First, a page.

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British Isles | Breaded Scampi Bites

Posted on December 8, 2012

I have always loved fried shrimp. When I was little, my parents had to take the tails away from me so that I wouldn't eat them too. I loved to go to The Chinese Pagoda restaurant in China Alley in Hanford, California. I would order a big plate of crispy fried shrimp and eat away. While these shrimp aren't exactly the same, they did remind me of them. They were awesome. We made about a pound and ate them while answering the door for trick-or-treaters this past Halloween. I used a Krups Deep Fryer, it was fun to put the basket up and down just like you would in a restaurant. You don't have to have a deep fryer you can use a heavy pot on the stove, just make sure you don't overfill and watch the temperature.

I wrote the recipe up as printed in Jamie's Great Britain, but I used less shrimp since I was only feeding two. The tartare sauce was really good, but next time I would cut the recipe in half, it made way too much. I served this dish with my new favorite beer - London Pride. Yum.

Yield: 4 to 6 servings

breaded scampi bites


a few good handfuls of plain flour (all-purpose flour)

200 grams white bread, whizzed to fine crumbs

3 large free-range eggs

sea salt

ground pepper

cayenne pepper

1 lemon

800 grams fresh or frozen scampi or prawns

vegetable oil (2-3 litres)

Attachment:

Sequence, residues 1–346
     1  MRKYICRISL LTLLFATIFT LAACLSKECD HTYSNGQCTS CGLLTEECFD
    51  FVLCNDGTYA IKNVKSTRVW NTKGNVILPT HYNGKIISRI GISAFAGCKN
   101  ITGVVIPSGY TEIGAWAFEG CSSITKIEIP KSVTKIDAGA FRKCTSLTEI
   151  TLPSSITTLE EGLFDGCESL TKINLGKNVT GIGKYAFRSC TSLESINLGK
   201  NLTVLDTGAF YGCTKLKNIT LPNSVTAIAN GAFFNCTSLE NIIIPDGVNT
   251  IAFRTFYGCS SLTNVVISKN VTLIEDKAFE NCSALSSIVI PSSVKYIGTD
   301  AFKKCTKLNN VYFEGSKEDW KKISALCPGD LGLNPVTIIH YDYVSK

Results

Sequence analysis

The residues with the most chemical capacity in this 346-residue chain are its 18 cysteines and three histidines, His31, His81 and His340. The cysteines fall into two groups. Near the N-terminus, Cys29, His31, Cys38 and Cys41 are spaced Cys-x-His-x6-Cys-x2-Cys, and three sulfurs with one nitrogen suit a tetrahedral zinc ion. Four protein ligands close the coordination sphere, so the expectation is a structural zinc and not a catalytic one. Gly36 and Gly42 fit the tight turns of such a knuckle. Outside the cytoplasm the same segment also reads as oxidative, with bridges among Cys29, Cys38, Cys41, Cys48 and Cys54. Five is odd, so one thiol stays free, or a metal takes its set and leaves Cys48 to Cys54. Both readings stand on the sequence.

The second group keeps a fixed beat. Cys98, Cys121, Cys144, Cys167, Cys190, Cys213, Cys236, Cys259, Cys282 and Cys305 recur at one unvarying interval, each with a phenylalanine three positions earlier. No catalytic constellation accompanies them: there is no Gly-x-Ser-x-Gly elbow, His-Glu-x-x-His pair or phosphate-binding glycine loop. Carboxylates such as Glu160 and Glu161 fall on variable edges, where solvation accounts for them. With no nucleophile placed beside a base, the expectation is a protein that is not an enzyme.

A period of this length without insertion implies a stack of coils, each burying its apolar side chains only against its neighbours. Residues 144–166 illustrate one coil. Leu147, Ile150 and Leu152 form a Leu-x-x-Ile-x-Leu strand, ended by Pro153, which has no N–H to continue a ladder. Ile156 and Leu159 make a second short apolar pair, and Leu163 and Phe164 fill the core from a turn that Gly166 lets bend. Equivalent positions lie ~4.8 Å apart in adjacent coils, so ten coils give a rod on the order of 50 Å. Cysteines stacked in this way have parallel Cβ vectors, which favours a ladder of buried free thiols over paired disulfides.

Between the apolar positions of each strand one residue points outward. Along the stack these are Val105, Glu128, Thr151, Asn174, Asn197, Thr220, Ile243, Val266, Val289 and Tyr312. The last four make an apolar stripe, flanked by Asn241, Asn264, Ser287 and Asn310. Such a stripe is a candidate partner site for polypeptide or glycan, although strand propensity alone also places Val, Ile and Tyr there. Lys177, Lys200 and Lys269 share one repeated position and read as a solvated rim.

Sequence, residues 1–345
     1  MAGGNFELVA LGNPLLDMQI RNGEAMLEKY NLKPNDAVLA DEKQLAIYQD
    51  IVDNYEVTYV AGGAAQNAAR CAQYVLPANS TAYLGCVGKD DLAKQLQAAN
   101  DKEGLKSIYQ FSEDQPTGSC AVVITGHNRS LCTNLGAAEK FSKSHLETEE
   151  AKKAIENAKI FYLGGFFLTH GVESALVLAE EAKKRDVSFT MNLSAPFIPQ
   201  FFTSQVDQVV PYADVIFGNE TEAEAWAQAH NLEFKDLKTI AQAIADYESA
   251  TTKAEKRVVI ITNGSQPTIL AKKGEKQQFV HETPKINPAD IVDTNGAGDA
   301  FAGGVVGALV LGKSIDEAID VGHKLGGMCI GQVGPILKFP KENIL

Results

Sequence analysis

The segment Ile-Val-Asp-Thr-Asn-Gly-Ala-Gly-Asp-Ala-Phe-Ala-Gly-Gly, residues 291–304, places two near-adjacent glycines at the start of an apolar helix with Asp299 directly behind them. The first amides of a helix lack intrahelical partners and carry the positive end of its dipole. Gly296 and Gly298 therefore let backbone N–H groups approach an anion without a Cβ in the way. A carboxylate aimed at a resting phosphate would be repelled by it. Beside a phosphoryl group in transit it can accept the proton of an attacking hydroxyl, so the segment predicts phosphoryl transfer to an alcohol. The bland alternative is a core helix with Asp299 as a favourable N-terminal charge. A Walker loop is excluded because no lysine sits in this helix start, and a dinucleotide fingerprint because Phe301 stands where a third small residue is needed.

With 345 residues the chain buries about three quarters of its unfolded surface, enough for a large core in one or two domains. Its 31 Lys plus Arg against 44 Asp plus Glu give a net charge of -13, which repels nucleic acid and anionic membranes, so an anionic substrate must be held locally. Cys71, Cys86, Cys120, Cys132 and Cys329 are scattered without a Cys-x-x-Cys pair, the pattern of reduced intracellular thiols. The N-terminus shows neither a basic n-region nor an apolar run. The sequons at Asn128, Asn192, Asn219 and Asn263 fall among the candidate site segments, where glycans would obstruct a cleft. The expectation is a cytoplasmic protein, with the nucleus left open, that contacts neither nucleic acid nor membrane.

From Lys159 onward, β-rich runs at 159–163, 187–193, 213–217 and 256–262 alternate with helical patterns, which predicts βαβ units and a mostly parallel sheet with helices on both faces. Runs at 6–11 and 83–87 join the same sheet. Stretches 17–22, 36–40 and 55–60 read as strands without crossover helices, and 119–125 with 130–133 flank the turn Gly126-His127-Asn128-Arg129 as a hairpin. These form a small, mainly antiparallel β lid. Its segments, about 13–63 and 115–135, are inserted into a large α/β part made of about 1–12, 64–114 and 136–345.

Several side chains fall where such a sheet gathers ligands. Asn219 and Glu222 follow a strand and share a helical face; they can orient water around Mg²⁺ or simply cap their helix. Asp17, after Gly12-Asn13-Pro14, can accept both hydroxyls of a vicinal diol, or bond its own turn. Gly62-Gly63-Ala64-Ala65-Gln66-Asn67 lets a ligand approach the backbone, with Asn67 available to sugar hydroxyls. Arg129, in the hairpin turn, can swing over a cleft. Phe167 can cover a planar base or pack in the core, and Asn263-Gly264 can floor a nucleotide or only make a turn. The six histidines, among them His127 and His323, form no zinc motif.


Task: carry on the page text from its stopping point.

1 new potato, for testing

tartare sauce (see below)

lemon wedges, for serving

iceberg cups, for serving (optional)

cress, for serving (optional)



Put the flour into one baking tray and the breadcrumbs into another. Beat the eggs in a bowl with a good pinch of salt, pepper, cayenne and a few good gratings of lemon zest. Put whatever seafood you're using for the scampi into the flour, toss until completely coated, and shake off any excess. Next coat the scampi well in flavoured egg mix and drop them into the tray of breadcrumbs. Coat well, and shake off the excess. It's quite nice to have someone do the flouring with one hand, the egg part with the other, and you do the breadcrumb part; it's cleaner and quicker than trying to do it all yourself. Put the scampi on a plate, cover, and place in the fridge until needed. In the meantime, make up a batch of tartare sauce.

When you're ready to cook, half-fill your largest sturdy pan with vegetable oil so it's about 8cm deep and put it on a high heat. Make sure you don't have any kids running around the kitchen, as hot oil can burn badly. Drop a small piece of potato into the oil to act as your temperature gauge. When it's golden and floats, the oil should be around 180 degrees C, ideally, check this with a thermometer. Use a slotted spoon to lower half the breaded scampi at a time into the hot oil. (This took me several batches, not half at a time.) Cook for around 2 to 3 minutes, until golden and beautiful, then carefully remove to a piece of kitchen paper and season with salt. Simply serve with some tartare sauce, a wedge of lemon for squeezing over and a pinch of cayenne over the top. Sometimes I also like to serve mine with iceberg cups and cress, which in the old days would have been there for a naff garnish, but actually hot crunchy scampi, refreshing cold iceberg lettuce and mustardy cress is delish. All you need to round off the experience is some football, a pint of beer and some 'man talk'. (Girl talk works too!)


Finely chop 3 cornichons, 3 heaped teaspoons of drained capers, 2 spring onions, 2 anchovy fillets and the leaves from a small bunch of fresh parsley. Add all your chopped ingredients to 500ml of mayonnaise then grate in the zest of half a lemon and squeeze in the juice. Stir then taste, season and adjust if need be.


(Ref. "Breaded Scampi Bites" recipe, Jamie's Great Britain.)